Ramachandra Guha: Why Modi And Shah Fear Young Activists // "Attempt To Browbeat Disha Ravi Into Submission": Mount Carmel Alumni

Why would the Indian state arrest a 21-year-old woman activist who seeks a cleaner and safer planet? Should not the country want young people to look beyond their narrow personal interests to the interests of society at large? Why did our government lock up a young citizen seeking to build a better future for herself and her compatriots? And why in such a draconian manner, with a police party flown down from Delhi to whisk her away from her home in Bengaluru to the capital? How could a non-violent campaign to spread awareness about global warming, and tweets in support for farmers' protests, constitute a seditious threat to the mighty, professedly self-reliant, Indian state? 

"Attempt To Browbeat Disha Ravi Into Submission": Mount Carmel Alumni

A Tale Of Two Toolkits: Police Double Standards?

Bengaluru protest demands Disha release: Govt should see reason

These questions were asked of me by a friend when the news of Disha Ravi's arrest came in. They were surely asked in many other homes across India as well. At first glance, the arbitrary arrest and sentencing to police custody of this young lady from Bengaluru flew in the face of logic, reason, and common sense. No state governed by the rule of law and a democratic constitution should act like this. But the Indian state did. Why?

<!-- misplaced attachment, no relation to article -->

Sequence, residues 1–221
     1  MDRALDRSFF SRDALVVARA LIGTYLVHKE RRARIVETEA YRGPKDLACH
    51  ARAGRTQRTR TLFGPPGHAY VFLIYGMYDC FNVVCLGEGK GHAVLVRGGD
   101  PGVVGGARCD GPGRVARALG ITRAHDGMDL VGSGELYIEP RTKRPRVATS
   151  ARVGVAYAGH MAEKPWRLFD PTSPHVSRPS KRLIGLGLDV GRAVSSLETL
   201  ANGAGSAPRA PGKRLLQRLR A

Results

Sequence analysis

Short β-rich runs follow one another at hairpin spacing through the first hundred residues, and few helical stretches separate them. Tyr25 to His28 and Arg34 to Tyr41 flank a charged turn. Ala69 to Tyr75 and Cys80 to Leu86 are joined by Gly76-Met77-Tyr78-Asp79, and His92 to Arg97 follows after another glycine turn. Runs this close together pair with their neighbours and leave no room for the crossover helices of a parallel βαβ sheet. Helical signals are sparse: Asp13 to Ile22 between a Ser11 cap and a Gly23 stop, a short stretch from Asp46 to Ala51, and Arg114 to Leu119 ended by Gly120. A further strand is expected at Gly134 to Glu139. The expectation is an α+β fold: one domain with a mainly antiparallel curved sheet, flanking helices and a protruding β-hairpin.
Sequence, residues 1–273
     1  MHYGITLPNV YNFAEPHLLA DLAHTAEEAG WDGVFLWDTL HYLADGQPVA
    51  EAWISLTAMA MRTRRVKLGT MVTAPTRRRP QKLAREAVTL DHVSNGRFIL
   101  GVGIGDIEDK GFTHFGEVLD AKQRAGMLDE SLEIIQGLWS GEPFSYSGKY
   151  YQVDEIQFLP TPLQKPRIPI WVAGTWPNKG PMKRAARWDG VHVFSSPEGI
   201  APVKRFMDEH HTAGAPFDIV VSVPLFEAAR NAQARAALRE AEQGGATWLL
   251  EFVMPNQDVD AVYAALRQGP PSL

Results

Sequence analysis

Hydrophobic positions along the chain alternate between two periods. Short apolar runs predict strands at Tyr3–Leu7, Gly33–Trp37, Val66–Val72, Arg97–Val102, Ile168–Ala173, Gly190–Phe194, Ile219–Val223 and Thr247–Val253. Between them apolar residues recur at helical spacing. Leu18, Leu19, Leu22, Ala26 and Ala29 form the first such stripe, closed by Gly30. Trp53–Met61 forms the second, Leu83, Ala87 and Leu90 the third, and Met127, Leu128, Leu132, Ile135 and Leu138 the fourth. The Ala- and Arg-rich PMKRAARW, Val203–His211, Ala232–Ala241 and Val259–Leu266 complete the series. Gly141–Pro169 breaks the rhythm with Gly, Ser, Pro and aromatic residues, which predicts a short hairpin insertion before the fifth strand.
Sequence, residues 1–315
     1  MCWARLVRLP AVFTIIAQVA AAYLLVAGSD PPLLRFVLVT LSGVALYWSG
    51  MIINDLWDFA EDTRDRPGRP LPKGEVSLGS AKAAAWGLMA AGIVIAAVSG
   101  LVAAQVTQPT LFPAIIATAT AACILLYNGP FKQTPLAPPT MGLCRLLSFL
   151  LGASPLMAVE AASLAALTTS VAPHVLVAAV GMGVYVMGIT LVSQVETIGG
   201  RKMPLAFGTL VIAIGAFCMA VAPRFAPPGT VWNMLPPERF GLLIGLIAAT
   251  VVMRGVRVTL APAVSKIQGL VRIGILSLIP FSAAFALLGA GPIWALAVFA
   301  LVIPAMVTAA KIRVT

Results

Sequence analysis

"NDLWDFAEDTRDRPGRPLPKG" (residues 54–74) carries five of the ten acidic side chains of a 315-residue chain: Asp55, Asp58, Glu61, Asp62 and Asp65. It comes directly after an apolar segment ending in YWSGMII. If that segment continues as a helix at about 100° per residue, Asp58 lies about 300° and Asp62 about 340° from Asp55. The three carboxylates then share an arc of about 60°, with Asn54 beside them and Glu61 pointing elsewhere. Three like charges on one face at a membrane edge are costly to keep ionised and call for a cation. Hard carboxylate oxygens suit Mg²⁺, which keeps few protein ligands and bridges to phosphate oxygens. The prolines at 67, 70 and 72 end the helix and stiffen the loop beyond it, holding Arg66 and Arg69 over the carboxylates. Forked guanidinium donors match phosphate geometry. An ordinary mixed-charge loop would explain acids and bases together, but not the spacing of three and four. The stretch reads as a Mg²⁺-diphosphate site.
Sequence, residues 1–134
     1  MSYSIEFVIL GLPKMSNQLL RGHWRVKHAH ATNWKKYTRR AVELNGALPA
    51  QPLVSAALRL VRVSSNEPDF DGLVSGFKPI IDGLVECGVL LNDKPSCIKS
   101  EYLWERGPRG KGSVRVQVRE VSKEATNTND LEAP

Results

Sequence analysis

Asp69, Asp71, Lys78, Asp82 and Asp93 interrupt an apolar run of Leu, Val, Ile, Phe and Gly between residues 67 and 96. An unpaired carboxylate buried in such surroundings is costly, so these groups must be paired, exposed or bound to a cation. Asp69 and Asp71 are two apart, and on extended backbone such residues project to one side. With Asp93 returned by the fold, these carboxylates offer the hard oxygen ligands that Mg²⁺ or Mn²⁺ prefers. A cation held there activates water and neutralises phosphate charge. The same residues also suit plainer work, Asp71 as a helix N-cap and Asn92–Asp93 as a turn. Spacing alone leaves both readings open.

Based on what we know of the Modi-Shah regime, of how it functioned in Gujarat between 2001 and 2014, and how it has functioned at the Centre thereafter, I'd like to outline six possible reasons why this young, idealistic, female resident of Bengaluru was picked up without notice by the police from the house where she lived with her mother, put on a plane, and taken away for five days of intense interrogation in Delhi….


Nivedita Menon: Toolkits of democracy and a paranoid Hindu Rashtra

Naxalites should lay down their arms and challenge the ruling class to abide by the Constitution

Noam Chomsky: Internationalism or Extinction (Universalizing Resistance)

The Supreme Court, Gandhi and the RSS

A whiff of evil

Umberto Eco on Eternal Fascism, or Fourteen Ways of Looking at a Blackshirt (1995)

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